The water engulfing JAMA’s editor-in-chief Catherine DeAngelis is getting hotter.
A recap is here, but the Jonathan Leo flap, and subsequent response, is not going away as JAMA hoped it would.
The WSJ reports that AMA, which normally does not interfere in the editorial decisions of the journal, has asked its Journal Oversight Committee to look into the matter.
Over at Respectful Insulance, academic surgeon-blogger Orac has a pretty harsh critique on the proceedings. He writes that, “thuggish behavior such as that demonstrated by Catherine DeAngelis. coupled with her hypocrisy in bragging about how well JAMA polices its COI [conflict of interest] policy while leaning on an investigator who expressed legitimate concern about it is unacceptable. Worse, this appears to be a pattern of abusive behavior that risks completely undermining all the good she’s done in terms of pushing for more openness in reporting COIs.”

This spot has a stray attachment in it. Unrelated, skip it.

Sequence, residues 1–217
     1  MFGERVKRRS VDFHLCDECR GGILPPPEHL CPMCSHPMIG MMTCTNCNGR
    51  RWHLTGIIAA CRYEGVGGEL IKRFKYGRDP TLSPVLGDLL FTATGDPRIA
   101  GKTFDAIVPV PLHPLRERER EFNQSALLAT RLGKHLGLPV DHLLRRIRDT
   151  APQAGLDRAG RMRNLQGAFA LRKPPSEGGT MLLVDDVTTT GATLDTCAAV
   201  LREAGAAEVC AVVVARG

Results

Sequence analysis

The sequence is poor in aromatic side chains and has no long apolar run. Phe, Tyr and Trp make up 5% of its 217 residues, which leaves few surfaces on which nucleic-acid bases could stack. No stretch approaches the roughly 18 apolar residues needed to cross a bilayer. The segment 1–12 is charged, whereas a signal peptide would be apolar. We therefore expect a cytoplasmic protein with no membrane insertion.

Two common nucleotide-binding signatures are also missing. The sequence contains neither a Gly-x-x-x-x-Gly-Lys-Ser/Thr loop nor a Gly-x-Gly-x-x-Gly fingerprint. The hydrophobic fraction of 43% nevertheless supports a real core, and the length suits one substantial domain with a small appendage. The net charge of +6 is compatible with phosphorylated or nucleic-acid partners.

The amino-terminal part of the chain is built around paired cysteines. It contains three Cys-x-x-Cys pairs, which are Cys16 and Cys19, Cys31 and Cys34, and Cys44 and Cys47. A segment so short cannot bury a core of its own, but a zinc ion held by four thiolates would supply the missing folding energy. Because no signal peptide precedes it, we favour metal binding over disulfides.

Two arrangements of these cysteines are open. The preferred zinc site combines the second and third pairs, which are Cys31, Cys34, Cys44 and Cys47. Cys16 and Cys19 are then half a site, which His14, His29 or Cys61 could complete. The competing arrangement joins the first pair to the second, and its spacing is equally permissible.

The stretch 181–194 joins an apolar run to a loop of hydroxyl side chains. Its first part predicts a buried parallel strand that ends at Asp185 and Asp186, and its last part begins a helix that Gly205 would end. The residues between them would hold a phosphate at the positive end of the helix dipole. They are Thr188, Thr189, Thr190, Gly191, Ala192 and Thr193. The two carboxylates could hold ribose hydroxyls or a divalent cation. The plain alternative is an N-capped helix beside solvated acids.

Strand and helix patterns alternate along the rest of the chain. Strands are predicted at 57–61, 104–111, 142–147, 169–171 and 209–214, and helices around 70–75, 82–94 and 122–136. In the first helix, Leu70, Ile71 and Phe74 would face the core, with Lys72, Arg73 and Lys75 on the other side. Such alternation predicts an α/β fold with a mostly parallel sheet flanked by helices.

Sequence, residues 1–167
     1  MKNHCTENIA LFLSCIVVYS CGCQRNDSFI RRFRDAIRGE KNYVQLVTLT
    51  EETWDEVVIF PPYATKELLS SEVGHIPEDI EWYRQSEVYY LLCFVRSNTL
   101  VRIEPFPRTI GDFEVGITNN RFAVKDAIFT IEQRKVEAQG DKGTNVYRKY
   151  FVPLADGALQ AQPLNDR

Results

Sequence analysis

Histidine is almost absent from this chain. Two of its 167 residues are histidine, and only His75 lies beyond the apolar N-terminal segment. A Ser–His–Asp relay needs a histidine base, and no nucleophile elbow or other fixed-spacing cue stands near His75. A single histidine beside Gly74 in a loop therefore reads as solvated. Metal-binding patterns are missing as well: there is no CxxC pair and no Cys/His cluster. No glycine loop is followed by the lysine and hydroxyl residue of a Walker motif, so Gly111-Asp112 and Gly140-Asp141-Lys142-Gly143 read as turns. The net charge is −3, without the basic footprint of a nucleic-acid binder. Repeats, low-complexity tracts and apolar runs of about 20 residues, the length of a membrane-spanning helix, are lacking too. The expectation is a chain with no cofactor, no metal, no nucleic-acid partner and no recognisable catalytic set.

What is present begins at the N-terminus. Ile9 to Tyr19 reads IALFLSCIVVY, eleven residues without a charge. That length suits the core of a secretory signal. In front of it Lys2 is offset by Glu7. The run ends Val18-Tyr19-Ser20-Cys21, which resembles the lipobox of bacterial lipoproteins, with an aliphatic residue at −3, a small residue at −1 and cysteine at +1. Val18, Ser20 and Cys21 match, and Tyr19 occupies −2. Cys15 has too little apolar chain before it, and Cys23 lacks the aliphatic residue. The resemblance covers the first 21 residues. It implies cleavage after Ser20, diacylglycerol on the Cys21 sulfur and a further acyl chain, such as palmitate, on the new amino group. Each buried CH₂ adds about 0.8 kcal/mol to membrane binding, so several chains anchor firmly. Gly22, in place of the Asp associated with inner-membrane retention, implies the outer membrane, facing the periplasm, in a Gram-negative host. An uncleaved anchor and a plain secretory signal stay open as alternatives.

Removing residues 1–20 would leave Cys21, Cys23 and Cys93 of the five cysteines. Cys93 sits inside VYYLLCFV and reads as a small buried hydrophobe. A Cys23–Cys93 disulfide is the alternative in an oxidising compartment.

As I wrote before, an apology from both JAMA and Dr. DeAngelis would have stemmed the tide, and that, “like how hospitals have dealt with medical errors, they could have used this event to improve their conflict of interest policies, and make their reviews more transparent.”
Instead, their response was wholly inadequate, and only reinforced the misguided notion that JAMA was immune to criticism, and worse, sought to preempt any future dissent.
Is it too late for an apology? Maybe, but the longer this drags on, the stronger the calls will be for Dr. DeAngelis to resign.